« Return to this article

for people who care about the West

Hunting for feral figs

The gem-like fruit are best when found free in the urban wilds.

 

Figs dangle from the branches of a mossy tree.
dinajose7/Flickr

Amy led me off the interstate, down the frontage road, behind the strip mall, and told me to park in front of the tree, sprawling between an apartment complex and the back of a restaurant. The July air was still warm, and heat radiated off the pavement. My friend was excited, nearly giddy. I was almost frightened, worried that we were breaking the rules.

We harvested the sticky purple fruit into plastic grocery bags, ignoring the tingling in our hands from the sap. We picked the tree almost clean, harvesting some seven pounds of glistening, perfectly ripe figs. In our friends’ country kitchen, the four of us sat up late, talking and gorging ourselves.

Amy learned about this tree when she was still in college from a friend who first visited it with his older brother. That means it has been bearing figs for at least 15 years, though I have been unable to trace this strand of traditional ecological knowledge any further.

“Whose tree is it?” I asked. “No one’s,” Amy replied. As we picked, faint light from streetlamps glinted off my red Subaru, but no one appeared to notice us. The area under the tree was littered with rotting fig carcasses. If anyone had been harvesting regularly, the tree would not have been dropping fruit. Which does not, of course, mean that no one owns it. But surely the doctrine of abandonment applies to figs?

And whatever the law might say, I believe that anyone who neglects to harvest such a prolific example of Ficus carica has — at least morally — lost their right to the fruit. Don’t we have a responsibility to enjoy what nature gives us? If a ripe fig is about to fall on a parking lot and nobody cares, isn’t it my responsibility to poach it in white wine and appreciate my good fortune?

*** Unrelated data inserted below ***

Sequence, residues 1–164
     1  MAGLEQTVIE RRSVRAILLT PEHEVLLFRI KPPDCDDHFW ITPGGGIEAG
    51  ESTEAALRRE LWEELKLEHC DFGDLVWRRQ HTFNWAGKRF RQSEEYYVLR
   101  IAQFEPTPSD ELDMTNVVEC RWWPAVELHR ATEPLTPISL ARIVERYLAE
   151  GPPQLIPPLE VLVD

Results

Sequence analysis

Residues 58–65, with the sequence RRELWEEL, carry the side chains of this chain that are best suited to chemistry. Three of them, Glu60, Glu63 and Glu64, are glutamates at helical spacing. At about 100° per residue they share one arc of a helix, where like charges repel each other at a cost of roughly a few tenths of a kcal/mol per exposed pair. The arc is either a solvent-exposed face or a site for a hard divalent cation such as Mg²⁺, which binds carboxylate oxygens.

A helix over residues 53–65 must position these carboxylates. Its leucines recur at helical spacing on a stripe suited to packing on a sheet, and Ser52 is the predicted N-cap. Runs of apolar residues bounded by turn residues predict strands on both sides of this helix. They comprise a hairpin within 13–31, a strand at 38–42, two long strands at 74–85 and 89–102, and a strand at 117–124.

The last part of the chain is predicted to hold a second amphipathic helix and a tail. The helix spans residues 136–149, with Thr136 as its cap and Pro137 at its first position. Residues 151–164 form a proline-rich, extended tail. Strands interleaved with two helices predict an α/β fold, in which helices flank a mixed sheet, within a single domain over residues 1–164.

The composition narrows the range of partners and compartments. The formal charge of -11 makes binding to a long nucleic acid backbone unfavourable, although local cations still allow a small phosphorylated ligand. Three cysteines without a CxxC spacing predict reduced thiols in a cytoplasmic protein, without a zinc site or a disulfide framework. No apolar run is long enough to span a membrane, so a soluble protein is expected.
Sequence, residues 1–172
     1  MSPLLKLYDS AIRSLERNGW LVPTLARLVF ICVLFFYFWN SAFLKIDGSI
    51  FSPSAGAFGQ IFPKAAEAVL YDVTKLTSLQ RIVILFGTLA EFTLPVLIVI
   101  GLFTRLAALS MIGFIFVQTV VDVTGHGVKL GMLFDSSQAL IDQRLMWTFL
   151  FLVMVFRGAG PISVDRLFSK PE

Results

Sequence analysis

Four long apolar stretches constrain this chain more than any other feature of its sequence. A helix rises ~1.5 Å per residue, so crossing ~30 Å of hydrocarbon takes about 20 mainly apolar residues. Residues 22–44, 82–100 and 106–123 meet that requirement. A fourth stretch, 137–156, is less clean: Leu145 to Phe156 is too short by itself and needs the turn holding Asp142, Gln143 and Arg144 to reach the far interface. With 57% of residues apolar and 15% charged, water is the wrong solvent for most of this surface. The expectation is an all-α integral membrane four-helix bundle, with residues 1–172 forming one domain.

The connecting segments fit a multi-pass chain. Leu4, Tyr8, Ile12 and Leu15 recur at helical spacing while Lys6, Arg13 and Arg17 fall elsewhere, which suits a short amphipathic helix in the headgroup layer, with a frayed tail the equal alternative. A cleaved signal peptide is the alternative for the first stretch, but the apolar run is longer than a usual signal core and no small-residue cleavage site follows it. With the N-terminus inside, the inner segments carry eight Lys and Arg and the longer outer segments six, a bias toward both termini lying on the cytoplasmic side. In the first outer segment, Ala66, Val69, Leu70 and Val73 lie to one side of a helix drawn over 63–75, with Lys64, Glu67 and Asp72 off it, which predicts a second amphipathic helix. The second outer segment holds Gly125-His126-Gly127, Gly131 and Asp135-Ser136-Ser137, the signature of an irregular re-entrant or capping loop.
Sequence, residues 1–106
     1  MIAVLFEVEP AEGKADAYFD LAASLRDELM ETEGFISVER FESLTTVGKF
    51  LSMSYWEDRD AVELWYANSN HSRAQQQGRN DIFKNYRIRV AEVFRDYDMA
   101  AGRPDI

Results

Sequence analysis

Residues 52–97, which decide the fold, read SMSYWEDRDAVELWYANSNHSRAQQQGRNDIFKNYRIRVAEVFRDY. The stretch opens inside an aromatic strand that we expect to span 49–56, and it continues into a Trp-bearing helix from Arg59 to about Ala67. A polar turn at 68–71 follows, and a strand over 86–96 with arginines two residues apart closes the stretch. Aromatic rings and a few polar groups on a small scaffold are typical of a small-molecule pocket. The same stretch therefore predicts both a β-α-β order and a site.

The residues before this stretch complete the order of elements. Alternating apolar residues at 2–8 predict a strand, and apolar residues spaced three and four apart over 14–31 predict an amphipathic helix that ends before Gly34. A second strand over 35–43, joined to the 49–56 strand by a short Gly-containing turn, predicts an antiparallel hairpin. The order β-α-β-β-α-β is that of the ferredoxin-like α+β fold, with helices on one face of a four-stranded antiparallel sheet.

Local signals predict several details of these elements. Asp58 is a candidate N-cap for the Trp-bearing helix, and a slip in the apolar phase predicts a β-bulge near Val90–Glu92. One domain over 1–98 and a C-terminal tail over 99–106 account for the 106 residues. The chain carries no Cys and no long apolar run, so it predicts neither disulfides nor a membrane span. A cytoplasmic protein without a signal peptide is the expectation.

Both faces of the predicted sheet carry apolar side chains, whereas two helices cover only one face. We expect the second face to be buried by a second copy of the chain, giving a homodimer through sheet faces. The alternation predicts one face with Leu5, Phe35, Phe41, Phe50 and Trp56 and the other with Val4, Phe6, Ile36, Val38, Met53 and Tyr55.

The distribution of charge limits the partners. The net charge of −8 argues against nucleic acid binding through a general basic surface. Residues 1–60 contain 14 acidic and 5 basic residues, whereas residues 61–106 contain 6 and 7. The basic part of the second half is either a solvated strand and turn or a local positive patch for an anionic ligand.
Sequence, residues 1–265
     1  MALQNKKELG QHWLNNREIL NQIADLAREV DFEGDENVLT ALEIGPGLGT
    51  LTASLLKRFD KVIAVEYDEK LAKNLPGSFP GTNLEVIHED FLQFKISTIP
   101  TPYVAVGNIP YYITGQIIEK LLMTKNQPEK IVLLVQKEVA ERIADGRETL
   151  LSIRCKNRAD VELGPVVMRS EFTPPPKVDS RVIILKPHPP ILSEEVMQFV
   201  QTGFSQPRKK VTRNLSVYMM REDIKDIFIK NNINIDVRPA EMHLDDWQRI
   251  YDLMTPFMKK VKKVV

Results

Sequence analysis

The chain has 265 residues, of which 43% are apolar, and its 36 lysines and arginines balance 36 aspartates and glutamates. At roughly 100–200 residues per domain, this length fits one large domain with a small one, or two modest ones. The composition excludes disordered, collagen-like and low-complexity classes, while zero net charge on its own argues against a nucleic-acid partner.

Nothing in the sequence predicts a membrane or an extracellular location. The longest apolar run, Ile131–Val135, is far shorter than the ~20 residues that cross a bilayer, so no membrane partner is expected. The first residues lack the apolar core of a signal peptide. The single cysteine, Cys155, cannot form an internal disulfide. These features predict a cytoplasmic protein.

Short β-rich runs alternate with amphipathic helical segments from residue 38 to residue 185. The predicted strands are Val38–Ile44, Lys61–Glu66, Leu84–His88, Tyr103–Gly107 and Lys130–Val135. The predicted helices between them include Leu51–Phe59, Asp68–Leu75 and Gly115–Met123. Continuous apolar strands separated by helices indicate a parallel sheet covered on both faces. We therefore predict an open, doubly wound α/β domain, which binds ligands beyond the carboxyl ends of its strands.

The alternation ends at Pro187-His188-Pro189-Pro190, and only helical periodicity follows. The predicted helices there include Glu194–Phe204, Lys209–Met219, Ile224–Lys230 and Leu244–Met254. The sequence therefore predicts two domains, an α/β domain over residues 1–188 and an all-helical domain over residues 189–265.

I wonder who else knows about this interstate-side fig tree, who times their late-summer trips through the Central Valley around it. I wonder who planted it, if anyone tends it, who else gathers its fruit. We are bonded, United Feral Fig Harvesters of the Sierra, whoever and wherever we might be. I hope my brethren find the tree as magical as I do, this bounty flourishing in its strange suburban setting just off the freeway.

Since that introduction, whenever I drive to and from the mountains in late summer, I gather figs, three or five or even (once) nine pounds at a time. I share them with everyone I know. Roast a greedy amount in a salad. Make tarts bursting with them to show off at dinner parties. Bring a large Tupperware container to a Slovenian friend to remind her of the orchards back home. Leave them in the break room at the office.

At the farmers market in Palo Alto or Menlo Park or even at the stand down the road from the rogue tree, a pint basket of fresh figs costs around $5.99. Approximately eight figs, or about 87 cents per fig, but a bargain compared to Whole Foods ($7.99 a pint on one recent visit). Such prices mean fig lovers tend to treat fresh figs like truffles or saffron or semi-precious stones.

Top salads with chopped morsels, a gem-like gilding for goat cheese and greens. Wrap figs with imported prosciutto and savor as appetizers. Serve a few with honey for dessert. But making tarts or jam or drying by the pound? Anything requiring large quantities is out of the question on the grounds of blowing the week’s — or month’s — grocery budget.

The scarcity adds to the lure of the freeway tree. Giving away figs makes you feel like Santa Claus. When you harvest a tree’s worth, you get to give away many pint-sized gifts. And explaining that they came from a tree growing behind a restaurant on a frontage road makes the giving even sweeter. People seem to prefer their figs feral, with a side of story.

Each autumn comes the afternoon when I realize the harvest is over for the season. I know it’s coming, but the moment inevitably bursts with disappointment. Then I think about next summer.

Someday, though, the tree itself might not be there when I arrive. I worry about how the tale ends. Will the tree’s legal owners cart me off to jail with my sack of stolen fruit? Will the tree fall, unmourned, to some future development? Will I myself depart for a life unimagined, to a place where figs do not grow? Or will the tree imperceptibly, inevitably age and diminish?

I dread that looming loss, when there is no longer a feral fig tree along a Central Valley freeway. When I will struggle to nourish those I love with tiny morsels of overpriced market figs, served without the spicy sauce of story. 

When she is not seeking figs, Amanda Cravens is a social science researcher who studies environmental decision-making in the American West.